M. E. Bradford is a Professor of English at the University of Dallas. His essays have appeared in various scholarly journals, and he is the author of A Better Guide than Reason and Remembering Who We Are.
If anything endures in our political life it is the bureaucracy. Administrations come and go, but the bureaucracy is forever—or so it seems; and it not only endures, it grows and grows in the direction of a total politicization of every aspect of our existence. If we would have once again a free society, it will require of us a heroic effort, not just in electing a President and Congress with whom we can expect to agree but also in waging war “in the trenches of day-to-day definition of public and private policy, separating legitimate and appropriate government action from the usurpations and abuses which must be eliminated,” as George Roche has argued.
The first stage in escaping from the toils of bureaucracy is to learn once and for all that the cost of state action in relieving the announced unhappiness of any component part of society may be, if not authorized by the Constitution as it stood before 1860, a further step toward subservience and degradation for all—including members of the aggrieved group in whose name the action is performed. For the only government that can answer to every claim of injured merit put forward by a component of the population it regulates and thus defines is a government with an absolute authority over every person under its sway. Said another way, the only government that can secure to us all of the “rights” (read “privileges”) we might hope to enjoy is a government which can just as easily leave us with no freedom of any kind. Either way bureaucracy will be involved. For the end result of every new addition to the machinery of the state, each of its new bureaus and investigative or regulatory agencies, whatever the ostensible reason for their creation, is to increase statist regimentation and diminish individual initiative: no more and no less.
Bureaucracy is essentially military in its character, needing an “army” to carry out its collective will. It is the routine (as opposed to the exceptional) power of the state in its coercive mode. It is wholly political in its nature and thus exists primarily to augment the scope of government. And it never surrenders any ground it has gained, never gives up voluntarily any function once assigned to it.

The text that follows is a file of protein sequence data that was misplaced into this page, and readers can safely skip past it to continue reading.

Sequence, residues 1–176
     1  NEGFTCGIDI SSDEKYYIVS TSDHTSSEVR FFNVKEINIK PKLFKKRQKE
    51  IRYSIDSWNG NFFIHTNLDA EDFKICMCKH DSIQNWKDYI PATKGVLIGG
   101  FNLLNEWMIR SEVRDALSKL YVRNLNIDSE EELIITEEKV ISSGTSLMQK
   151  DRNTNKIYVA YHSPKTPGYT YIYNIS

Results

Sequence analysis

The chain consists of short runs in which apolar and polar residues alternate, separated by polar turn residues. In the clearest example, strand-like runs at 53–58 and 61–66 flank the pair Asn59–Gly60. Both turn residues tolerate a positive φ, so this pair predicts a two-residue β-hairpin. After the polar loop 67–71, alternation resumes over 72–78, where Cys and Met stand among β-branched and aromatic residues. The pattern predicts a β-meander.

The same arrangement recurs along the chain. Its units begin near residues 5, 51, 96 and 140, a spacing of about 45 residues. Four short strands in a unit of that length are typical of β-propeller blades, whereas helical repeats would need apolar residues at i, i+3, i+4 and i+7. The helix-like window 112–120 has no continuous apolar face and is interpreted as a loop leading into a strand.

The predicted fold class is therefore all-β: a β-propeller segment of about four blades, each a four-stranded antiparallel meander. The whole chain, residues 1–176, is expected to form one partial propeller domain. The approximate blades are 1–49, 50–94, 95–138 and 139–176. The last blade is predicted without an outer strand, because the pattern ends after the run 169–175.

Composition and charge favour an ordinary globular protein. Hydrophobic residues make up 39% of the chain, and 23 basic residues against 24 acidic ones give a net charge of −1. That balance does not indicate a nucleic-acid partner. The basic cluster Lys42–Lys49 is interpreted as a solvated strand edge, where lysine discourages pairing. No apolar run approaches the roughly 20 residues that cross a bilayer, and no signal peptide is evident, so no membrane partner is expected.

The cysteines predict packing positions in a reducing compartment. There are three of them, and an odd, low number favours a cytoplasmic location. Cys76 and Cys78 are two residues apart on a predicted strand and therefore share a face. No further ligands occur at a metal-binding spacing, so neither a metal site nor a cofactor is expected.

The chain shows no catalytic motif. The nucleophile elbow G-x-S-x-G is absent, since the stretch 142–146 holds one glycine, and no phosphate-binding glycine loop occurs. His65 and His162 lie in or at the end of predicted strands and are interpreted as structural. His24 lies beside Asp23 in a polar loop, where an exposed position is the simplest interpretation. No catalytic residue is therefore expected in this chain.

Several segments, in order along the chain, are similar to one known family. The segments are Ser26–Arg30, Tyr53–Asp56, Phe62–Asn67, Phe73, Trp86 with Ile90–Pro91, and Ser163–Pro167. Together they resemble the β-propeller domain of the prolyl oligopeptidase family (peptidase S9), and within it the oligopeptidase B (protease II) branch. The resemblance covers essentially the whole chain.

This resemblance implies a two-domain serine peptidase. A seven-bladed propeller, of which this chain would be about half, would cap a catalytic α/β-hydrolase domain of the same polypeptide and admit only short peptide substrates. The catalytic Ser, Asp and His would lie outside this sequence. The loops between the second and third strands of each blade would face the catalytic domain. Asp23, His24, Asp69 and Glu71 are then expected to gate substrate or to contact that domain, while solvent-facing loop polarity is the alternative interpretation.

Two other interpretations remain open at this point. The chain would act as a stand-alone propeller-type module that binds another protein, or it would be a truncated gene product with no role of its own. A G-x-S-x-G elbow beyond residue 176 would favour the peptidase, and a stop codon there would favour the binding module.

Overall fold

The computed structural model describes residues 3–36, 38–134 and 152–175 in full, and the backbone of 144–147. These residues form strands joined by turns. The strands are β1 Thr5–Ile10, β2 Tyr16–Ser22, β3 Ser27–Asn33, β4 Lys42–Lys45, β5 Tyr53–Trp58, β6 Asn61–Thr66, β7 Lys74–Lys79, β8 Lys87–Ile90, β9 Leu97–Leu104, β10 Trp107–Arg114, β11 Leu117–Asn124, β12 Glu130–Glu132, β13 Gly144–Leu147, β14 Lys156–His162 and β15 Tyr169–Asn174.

In our time we have learned that it is impossible to exaggerate the tenacity of bureaucracy, once established and in place. Seven years of the Reagan Administration—a regime called into office because it promised an end to repressive regulation—provide additional evidence of the persistence of an established bureaucracy. Even with massive support at the polls and a national consensus that we are overt governed, the first officially conservative, anti-bureaucratic government in fifty years is unable to counter the cause-and-purpose-oriented rhetoric used to defend the edifice it promised to reduce. We have not yet generated the strength of will to be done with the parasite—a curious development in a country born out of a determination to be free from the official benevolence of a remote, arbitrary, unresponsive, and often hostile authority.
George Roche, writing in the tradition of Ludwig von Mises’ Bureaucracy, produces a potent little study called America by the Throat (Devin-Adair, 1983). He tells us that bureaucracy costs our citizens (apart from military spending) about $3,000 apiece each year. Furthermore, he expects worse, and propounds a frost and second law of bureaucracy. The first is: “the supply of human misery will rise to meet demand.” The principle involved has to do with felt need and signifies that the impulse to “correct” society in some particular is ante cedent to the problem on which bureaucracy focuses in the end. The second law is equally simple: “the size of bureaucracy increases in direct proportion to the additional misery it creates.” In other words, bureaucracy grows by feeding on its own failure to be instrumental in any practical sense.
It is a warning to the bureaucrats and their legislating friends that not everyone has been lulled asleep by the idea that, after 1980 and 1984, the day of regimentation is over. Wishing will not make it so. For freedom is always both difficult and expensive. Submission seems more convenient, at least until we know it by experience and are frightened into such resistance as should have been our practice from the beginning.